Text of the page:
So when I describe "hearing voices" and Sky describes having two personalities, I see a big parallel there. Neither of us integrate emotions with rational thought. We are able to say, "Now now, emotions, you go over there and let us think." Well, we can do that at least as well as a person can tell a young child to leave them alone while they work. That is, it's not that it works every time, but it's that we having the emotions segregated form the rationality in the first place.

I'm not sure non-integrated emotions is an essential description of their difference, or if it is just a symptom that occurs from it. What I am fairly sure of is that the way my mind-architecture is set up makes it very easy for me to sideline the Going Towards impulses in favour of reasoned decisions. The big question for me is whether this is such an extreme difference that is constitutes a different kind of relationship with emotions rather than a different place on the spectrum, and whether I have any idea what it is like for a normie to try to behave based on conscious thought when they are experiencing powerful emotions.

Thursday, 23 June 2016

Emotional Narrative

Last Time on Humbabella's Gamery:
Sometimes that makes me feel angry or sad, and my emotional narrative is well summarized by this tweet...
When I google "emotional narrative" I get tips on writing emotionally charged scenes, one particular person's idea of "emotional narrative psychology" that doesn't seem to be backed up by other literature, and some stuff about the history of emotions. The term, as coined by me, means the narrative that your emotions have to justify themselves.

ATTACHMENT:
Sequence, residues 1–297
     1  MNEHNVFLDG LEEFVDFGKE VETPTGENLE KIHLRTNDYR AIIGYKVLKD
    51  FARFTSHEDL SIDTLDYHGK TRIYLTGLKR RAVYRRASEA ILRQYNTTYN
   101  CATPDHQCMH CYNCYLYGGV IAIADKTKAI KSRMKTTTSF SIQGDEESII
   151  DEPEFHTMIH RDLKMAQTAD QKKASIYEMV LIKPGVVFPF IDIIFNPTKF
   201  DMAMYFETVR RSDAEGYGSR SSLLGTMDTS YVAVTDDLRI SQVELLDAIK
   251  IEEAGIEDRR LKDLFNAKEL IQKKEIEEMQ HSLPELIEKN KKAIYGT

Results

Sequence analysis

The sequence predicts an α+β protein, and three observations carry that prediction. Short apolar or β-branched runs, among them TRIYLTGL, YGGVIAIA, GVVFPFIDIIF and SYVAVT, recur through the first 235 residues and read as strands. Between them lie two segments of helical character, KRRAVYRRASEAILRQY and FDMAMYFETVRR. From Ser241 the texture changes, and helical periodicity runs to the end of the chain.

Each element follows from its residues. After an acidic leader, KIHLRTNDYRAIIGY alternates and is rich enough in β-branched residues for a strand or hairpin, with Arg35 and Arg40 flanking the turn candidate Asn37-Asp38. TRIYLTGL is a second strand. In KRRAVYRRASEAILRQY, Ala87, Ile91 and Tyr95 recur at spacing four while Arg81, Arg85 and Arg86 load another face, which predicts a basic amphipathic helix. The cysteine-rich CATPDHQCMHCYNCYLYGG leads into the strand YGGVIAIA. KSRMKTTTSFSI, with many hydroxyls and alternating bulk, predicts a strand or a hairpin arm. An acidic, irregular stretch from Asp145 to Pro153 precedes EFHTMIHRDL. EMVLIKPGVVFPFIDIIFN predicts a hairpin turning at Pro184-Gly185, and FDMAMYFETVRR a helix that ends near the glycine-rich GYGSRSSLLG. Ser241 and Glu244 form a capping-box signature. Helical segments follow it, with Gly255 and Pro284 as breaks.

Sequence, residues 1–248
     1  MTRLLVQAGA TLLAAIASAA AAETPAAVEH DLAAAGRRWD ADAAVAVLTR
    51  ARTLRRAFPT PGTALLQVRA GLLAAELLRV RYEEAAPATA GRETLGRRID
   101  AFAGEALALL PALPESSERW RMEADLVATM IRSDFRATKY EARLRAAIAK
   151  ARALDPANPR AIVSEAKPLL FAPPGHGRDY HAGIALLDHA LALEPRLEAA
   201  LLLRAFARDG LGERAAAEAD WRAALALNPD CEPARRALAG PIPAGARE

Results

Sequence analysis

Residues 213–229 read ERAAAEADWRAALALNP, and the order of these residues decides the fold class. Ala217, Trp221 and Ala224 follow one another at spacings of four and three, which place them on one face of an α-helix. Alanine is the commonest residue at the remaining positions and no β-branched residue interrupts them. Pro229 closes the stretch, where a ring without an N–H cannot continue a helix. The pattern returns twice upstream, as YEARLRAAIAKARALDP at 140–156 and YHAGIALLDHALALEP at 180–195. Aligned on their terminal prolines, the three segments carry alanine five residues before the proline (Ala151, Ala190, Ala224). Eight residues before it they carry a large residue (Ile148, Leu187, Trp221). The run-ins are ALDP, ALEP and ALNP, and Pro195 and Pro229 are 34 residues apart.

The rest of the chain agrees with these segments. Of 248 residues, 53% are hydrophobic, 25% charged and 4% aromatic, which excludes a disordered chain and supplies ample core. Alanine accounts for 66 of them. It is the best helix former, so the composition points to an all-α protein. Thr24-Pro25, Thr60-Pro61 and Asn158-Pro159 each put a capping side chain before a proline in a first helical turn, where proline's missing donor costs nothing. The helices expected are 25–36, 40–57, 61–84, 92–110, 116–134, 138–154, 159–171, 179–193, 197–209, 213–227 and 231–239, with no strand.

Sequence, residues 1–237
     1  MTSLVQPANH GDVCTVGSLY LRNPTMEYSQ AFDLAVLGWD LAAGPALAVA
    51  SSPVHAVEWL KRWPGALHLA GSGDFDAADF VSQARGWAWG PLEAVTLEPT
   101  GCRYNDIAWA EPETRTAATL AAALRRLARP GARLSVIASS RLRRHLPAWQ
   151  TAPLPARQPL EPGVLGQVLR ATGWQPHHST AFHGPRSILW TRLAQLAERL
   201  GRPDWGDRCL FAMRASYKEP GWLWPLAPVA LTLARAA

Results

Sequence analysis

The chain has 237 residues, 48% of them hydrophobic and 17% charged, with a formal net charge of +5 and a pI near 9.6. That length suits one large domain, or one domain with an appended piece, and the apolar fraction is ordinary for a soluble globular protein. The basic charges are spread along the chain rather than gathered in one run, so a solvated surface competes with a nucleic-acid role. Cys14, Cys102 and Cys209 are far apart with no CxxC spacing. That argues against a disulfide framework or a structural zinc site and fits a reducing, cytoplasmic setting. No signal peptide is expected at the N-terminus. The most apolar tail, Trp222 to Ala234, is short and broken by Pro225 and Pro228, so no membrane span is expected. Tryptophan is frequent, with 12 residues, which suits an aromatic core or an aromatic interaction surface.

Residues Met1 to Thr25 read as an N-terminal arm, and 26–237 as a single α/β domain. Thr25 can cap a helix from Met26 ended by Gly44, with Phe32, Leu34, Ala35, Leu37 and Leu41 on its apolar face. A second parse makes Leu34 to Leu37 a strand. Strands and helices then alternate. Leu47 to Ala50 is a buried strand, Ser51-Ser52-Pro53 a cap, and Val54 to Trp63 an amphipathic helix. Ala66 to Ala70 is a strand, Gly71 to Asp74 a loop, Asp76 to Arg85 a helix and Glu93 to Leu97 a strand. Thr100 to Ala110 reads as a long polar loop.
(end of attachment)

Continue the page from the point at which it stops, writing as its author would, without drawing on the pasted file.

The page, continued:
That's not the narrative that you have to justify your emotions, so if you are one of those people who identifies with your emotions or integrates your emotions as a part of your "self" then you simply don't have emotional narratives in the way I'm talking about.

This fits into my self-concept as a person who hears voices. I don't know if I've mentioned that before. First of all, I do literally sometimes hear voices in my head, though this often happens when I'm tired so they might be microdreams. But I don't restrict voices to actual voices anyway. Sometimes it's more like I am seeing movies in my head.

There's the voice who screams things like, "It's fucked!" There's the voice that plays me movies of my children dying. There's the voice that counts and starts sentences with, "Let's think about...". And there's the voice that rambles on about things that don't even concern me.

I recently applied for a job and had an interview. For days after the interview I was pretty stressed about it. In fact, when I think about things I said in the interview now it makes me feel a little nauseous. The person who is married to me could tell I wasn't feeling well and asked me if something was wrong. The words that were primed in my mind were, "I wish I hadn't applied for that job."

But was that true? I'm not exactly happy that I applied for the job, and having applied for it was definitely causing me distress, but would I actually prefer the world where I didn't apply? I'm not sure I would. I might even say I probably wouldn't.